New research into importance of skin surveillance to save lives from melanoma
4 November 2021
New research has provided evidence that routine skin checks by a health professional, coupled with checking your own skin, are vital in saving lives from melanoma – the most deadly form of skin cancer.
Australia has the highest melanoma rates in the world, with one person dying every 6 hours from the disease. Melanoma is also the most common cancer in 20 to 39-year-olds.
The first sign of melanoma is often a new or changing spot or mole on the skin, and the ABCDE guidelines are a helpful tool to identify a melanoma. However, melanoma can vary greatly in its appearance and many subtle clues can only be detected by a trained healthcare professional using a magnifying tool, known as a dermatoscope, to check the skin.
The research, published today in the prestigious journal JAMA Dermatology, found that in a group of 2,452 patients diagnosed with melanoma, slower-growing melanomas were more likely to be detected at a routine skin check and be thinner, whereas faster-growing melanomas were more likely to be patient-detected and thicker. It was estimated that patients whose melanoma was detected by their doctor during a routine skin check were 32% less likely to die from melanoma compared to patients who identified their own melanoma.
The study also found that melanomas easily detected using the ABCDE rule were more likely to be detected by the patients (70%), whereas atypical ones were more often detected by a doctor during a routine skin check.
“This evidence highlights the importance of not only knowing your own skin and seeking advice from your doctor if you notice any changes but also the critical role of trained healthcare professionals for detecting melanomas early, before they have had a chance to spread,” said study author Prof Richard Scolyer AO, pathologist and Co-Medical Director of Melanoma Institute Australia.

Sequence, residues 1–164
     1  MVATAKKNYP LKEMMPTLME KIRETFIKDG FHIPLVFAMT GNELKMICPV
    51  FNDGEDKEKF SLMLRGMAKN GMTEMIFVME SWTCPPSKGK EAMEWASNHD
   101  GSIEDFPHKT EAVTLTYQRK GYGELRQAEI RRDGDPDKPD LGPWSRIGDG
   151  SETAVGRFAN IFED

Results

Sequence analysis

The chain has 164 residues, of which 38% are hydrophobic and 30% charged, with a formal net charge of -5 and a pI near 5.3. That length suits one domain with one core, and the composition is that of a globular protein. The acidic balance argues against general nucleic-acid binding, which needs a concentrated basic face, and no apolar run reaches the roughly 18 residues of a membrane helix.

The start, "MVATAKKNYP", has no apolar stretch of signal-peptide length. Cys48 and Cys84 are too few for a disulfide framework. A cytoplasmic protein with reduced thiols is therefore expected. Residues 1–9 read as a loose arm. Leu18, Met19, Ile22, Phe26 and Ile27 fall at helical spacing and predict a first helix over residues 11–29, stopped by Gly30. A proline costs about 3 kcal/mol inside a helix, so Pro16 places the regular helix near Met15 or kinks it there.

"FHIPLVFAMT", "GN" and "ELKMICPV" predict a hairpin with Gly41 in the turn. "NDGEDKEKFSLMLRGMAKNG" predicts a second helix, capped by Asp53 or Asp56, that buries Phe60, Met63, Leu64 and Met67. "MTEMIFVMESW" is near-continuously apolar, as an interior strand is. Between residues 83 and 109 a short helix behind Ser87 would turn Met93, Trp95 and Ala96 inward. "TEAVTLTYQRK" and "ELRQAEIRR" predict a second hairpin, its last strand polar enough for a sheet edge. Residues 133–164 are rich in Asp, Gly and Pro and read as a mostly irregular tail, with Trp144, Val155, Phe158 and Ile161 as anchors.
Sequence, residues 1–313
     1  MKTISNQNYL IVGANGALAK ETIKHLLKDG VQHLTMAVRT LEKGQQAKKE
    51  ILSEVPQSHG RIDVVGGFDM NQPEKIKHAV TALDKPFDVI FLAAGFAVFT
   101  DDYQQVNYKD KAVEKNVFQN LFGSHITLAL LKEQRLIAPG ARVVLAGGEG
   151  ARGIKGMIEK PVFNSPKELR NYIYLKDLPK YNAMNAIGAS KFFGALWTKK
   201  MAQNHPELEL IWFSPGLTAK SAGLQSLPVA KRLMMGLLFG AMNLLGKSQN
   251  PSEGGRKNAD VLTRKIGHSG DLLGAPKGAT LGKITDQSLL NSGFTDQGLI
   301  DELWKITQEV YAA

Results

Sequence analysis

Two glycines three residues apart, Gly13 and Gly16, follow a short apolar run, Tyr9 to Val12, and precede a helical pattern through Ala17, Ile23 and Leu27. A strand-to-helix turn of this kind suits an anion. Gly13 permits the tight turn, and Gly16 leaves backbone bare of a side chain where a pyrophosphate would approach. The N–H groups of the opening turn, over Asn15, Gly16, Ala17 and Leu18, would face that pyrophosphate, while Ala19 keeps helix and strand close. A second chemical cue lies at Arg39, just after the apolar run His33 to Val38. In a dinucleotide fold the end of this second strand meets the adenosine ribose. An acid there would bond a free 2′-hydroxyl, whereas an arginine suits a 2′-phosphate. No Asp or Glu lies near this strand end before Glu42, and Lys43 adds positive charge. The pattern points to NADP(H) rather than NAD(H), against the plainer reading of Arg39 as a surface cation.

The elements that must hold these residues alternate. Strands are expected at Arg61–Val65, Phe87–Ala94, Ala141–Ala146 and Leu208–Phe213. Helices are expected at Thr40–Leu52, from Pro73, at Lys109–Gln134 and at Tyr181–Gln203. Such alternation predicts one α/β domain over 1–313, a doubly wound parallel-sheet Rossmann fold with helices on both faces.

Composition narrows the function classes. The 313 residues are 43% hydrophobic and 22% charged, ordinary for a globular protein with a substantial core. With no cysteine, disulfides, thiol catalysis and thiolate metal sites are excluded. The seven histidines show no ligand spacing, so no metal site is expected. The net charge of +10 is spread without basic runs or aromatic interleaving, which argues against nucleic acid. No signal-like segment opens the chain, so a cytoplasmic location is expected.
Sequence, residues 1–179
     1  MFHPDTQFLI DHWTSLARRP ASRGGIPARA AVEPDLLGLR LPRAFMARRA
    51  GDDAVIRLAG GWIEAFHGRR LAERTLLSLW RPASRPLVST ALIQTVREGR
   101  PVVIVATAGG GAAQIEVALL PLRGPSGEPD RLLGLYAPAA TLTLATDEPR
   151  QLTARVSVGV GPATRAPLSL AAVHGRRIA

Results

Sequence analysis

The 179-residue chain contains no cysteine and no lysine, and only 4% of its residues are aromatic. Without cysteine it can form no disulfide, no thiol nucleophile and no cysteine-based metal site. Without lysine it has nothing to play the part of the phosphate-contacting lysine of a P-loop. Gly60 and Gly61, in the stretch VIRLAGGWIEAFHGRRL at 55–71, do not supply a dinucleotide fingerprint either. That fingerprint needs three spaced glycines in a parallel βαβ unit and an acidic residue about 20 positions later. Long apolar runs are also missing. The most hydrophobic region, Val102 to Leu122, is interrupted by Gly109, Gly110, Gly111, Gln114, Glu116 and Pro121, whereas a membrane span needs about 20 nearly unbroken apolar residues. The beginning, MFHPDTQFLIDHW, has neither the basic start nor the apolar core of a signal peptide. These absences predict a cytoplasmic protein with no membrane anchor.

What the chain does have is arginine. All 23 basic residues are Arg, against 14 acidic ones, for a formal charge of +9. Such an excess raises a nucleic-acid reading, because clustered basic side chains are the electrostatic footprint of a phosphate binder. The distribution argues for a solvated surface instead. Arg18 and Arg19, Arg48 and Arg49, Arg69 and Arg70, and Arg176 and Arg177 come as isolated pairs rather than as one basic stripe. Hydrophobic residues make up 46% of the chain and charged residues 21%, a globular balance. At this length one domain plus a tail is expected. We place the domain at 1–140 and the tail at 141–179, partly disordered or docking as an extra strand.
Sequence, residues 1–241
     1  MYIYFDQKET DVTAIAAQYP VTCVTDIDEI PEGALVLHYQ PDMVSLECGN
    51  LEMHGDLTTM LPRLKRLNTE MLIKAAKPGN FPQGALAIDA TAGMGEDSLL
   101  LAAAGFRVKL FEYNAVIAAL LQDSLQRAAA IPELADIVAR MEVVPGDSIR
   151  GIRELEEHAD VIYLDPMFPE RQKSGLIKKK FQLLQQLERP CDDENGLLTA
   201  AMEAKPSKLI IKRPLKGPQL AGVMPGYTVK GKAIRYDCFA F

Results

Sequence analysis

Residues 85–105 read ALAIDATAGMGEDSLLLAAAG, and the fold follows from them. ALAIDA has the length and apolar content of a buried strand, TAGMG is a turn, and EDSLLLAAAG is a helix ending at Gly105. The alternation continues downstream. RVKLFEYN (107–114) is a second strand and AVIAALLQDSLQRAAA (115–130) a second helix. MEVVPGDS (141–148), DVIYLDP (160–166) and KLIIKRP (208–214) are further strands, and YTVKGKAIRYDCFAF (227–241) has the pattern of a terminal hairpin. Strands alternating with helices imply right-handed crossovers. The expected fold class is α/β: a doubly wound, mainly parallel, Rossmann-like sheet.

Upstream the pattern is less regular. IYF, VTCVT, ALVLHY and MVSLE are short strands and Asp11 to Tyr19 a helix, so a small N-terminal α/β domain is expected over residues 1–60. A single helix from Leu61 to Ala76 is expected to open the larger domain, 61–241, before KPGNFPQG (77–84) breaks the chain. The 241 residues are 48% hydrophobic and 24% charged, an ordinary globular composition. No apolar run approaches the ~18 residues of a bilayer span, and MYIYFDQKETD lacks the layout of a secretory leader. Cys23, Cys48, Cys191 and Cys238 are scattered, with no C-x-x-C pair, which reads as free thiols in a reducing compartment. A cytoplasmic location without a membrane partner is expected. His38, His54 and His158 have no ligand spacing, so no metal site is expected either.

Current Australian guidelines recommend that individuals at very high risk of melanoma receive full skin examinations every 6 months. However, melanoma screening programs for the general population are not currently undertaken in Australia because of inadequate evidence that melanoma screening ultimately saves lives, uncertainty about overdiagnosis and unnecessary biopsy, and limited evidence that it is cost effective.
In the last decade there has been renewed interest in melanoma screening, driven by the changing landscape of melanoma care.
“We found that melanoma detection during a routine skin check was associated with lower risk of dying from any cause, but it was not statistically significant for melanoma-specific mortality,” said cancer epidemiologist and lead author Prof Anne Cust, from Melanoma Institute Australia, The Daffodil Centre and The University of Sydney. “Based on our early findings, the cost-effectiveness of a population melanoma screening program should be re-assessed, and a large randomised controlled trial is needed to provide definitive evidence.”
Melanoma Institute Australia has recently launched its ‘Game On Mole’ awareness campaign which uses slogan t-shirts to start conversations about melanoma early detection, and urges Australians to take photos of their skin and monitor for any changes.
To join the campaign and buy the ‘Game On Mole’ t-shirt, go to www.gameonmole.com.au.